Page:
Sound Transit’s latest batch of options for Ballard and West Seattle kills off many variants, but controversies remain. The options are grouped into three concepts, although ST is free to choose bits from each alternative. All we have is maps, but that won’t stop us from having a detailed look.
The “representative alignment,” which voters approved in 2016, remains in play. It’s a pretty good alignment if you don’t mind elevated track, with stations on both ends in the sky. There are nits to pick. Alaska Junction station points west, which doesn’t help a future extension to Burien. Delridge is a bit far north, putting more industrial land in the walkshed and lengthening the bus ride for most people. Midtown is under 5th rather than 6th, reducing the combined system walkshed. The new Westlake is under 6th, worsening the transfer with the existing one.
On the other hand, this is within the budget. Alaska Junction is just to the East of California, where the new density is going in. Smith Cove and Interbay have locations that are about as promising as they could be (not very). 15th is a good spot for Ballard Station.
The “elevated” option is a tweak of the representative alignment to fix some of the most glaring errors. Alaska Junction turns south. The downtown tunnel runs under 6th Ave and Mercer St. By (expensively) extending the north end of the tunnel and using the BNSF right-of-way, the Ballard line almost entirely avoids 15th Ave. Regrettably, Smith Cove and Interbay stations are in the middle of nowhere, and the line finds its way to 14th Ave in Ballard, which is a bad place to end up. I guess cruise ship passengers will like it.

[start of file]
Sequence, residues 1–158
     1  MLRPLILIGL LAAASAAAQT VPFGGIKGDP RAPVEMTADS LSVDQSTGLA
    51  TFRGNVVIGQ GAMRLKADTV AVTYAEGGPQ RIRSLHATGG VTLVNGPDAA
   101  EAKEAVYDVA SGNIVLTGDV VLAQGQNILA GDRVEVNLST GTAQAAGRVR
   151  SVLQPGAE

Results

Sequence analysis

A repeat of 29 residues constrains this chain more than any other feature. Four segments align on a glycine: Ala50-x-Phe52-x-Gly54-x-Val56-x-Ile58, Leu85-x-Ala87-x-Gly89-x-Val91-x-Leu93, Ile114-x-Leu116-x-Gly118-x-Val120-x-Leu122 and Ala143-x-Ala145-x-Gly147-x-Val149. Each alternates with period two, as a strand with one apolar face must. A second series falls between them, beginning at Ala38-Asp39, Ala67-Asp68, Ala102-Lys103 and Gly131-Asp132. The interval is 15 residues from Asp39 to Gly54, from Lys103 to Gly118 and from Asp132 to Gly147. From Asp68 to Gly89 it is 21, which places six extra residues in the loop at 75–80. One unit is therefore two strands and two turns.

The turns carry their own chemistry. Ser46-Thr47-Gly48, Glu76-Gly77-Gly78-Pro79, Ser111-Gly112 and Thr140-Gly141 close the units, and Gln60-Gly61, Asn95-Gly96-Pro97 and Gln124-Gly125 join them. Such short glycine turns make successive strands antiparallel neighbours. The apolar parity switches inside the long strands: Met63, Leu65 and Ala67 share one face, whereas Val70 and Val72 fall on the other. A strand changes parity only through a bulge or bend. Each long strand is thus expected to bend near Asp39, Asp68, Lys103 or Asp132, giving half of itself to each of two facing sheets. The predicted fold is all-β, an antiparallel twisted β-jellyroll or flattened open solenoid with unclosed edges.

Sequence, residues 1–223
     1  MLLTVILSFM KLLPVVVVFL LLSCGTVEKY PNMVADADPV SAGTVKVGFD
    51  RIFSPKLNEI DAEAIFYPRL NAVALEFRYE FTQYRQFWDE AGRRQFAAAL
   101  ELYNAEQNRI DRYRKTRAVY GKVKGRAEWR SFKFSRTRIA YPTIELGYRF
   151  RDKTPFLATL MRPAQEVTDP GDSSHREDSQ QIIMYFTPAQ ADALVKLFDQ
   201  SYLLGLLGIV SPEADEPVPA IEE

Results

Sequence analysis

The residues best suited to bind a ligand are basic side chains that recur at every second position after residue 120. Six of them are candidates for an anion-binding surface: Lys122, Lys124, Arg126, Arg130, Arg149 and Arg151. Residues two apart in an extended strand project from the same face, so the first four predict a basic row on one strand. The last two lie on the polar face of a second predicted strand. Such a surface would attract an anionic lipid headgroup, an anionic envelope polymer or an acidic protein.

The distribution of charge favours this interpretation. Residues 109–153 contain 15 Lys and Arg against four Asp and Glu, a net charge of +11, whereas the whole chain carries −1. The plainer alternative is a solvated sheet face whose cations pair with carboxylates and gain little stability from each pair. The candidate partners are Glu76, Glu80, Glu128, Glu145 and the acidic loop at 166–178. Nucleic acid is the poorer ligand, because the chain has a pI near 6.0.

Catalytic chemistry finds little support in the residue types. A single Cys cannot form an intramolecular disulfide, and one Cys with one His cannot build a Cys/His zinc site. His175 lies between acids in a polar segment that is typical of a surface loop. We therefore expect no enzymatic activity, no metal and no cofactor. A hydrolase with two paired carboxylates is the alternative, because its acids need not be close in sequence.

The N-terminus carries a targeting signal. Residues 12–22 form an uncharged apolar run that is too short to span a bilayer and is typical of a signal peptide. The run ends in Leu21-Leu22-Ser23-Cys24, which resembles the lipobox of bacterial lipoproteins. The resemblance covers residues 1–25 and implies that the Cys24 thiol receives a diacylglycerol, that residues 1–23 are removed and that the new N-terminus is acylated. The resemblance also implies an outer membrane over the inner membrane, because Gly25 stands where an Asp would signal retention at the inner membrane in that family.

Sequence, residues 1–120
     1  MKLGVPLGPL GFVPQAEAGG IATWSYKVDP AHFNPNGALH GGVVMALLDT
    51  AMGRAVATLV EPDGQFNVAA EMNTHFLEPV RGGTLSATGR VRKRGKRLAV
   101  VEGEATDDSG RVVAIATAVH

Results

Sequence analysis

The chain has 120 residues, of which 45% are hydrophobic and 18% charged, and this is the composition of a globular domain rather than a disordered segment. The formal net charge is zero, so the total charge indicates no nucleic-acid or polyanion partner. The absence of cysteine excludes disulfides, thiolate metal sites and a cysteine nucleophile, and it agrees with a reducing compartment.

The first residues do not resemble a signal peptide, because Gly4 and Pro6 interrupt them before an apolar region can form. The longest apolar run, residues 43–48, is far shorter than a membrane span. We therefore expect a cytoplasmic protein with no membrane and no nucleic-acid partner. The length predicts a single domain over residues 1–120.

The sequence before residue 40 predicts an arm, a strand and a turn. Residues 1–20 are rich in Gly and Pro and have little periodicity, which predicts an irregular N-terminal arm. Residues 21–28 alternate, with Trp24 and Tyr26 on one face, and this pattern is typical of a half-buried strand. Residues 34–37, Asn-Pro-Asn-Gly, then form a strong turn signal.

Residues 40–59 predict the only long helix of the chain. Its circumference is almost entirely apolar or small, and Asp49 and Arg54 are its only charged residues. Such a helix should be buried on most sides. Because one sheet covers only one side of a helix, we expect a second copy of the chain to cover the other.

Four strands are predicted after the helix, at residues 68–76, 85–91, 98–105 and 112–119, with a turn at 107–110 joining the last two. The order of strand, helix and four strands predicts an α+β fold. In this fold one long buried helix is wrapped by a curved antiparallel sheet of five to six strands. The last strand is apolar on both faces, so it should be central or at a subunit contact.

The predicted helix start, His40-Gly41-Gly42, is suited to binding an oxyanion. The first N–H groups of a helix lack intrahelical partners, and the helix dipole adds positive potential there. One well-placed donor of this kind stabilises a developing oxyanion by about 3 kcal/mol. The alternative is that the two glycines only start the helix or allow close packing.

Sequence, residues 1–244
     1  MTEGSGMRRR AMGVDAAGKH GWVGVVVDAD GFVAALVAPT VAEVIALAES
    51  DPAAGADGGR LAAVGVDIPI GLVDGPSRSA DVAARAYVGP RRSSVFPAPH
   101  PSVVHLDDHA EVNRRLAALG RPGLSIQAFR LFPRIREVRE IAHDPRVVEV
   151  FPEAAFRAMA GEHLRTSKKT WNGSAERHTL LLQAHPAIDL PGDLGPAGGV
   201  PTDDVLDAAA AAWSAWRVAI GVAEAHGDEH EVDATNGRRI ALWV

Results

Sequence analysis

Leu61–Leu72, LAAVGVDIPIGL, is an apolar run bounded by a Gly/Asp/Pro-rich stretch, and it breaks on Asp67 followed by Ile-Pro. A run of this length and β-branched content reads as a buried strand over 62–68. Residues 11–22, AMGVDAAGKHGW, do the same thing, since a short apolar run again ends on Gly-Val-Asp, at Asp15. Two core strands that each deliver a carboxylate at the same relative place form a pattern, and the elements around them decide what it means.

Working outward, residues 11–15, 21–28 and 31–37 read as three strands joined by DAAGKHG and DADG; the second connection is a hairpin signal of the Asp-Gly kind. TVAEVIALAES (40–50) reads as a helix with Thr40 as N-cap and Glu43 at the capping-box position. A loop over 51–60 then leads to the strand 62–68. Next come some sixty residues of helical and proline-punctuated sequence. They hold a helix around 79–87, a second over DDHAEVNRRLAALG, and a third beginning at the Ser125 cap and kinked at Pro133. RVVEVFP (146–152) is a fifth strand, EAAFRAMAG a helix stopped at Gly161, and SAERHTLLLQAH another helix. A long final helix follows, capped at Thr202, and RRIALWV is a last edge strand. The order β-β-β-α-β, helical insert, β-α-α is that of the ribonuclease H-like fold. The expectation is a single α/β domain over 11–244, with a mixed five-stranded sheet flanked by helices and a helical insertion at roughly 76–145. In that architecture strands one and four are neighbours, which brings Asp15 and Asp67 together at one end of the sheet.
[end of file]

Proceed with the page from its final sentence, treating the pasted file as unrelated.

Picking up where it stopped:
The “tunnel” option presumably blows the budget, and still has a lot of problems. They couldn’t settle on a Alaska Junction location, including one that overshoots the density to the wrong side of California, bordering the sprawl. Delridge Station is a bit off Delridge, making those critical transfers worse. South Lake Union is far enough south (at Harrison) that it arguably doesn’t serve a lot of South Lake Union. Smith Cove is in decent spot, but Interbay still isn’t. They also couldn’t resolve a 14th or 15th Ave site for Ballard station.
What’s the best for future riders while remaining within budget? The elevated option fixes the problems in West Seattle. It’s hard to get too excited about one block shifts in downtown Seattle proper, so ST should do whatever is cheap and put the money into good transfers at Chinatown and Westlake. In South Lake Union and points north, all this process has come up with worse alternatives than the representative alignment. Rather than pointlessly extending the downtown tunnel or marooning riders in a railyard, ST should just run down 15th and actually serve people. (As long it’s high enough to not be a frequently opening drawbridge).
It would be foolish to increase financial and project risk to bury the line at either end. However, if those neighborhoods have the leverage (and the supplemental funding sources) to tunnel, Alaska Junction should be below 41st or 42nd avenues. The Ballard Line should stay on 15th, whether above or below ground.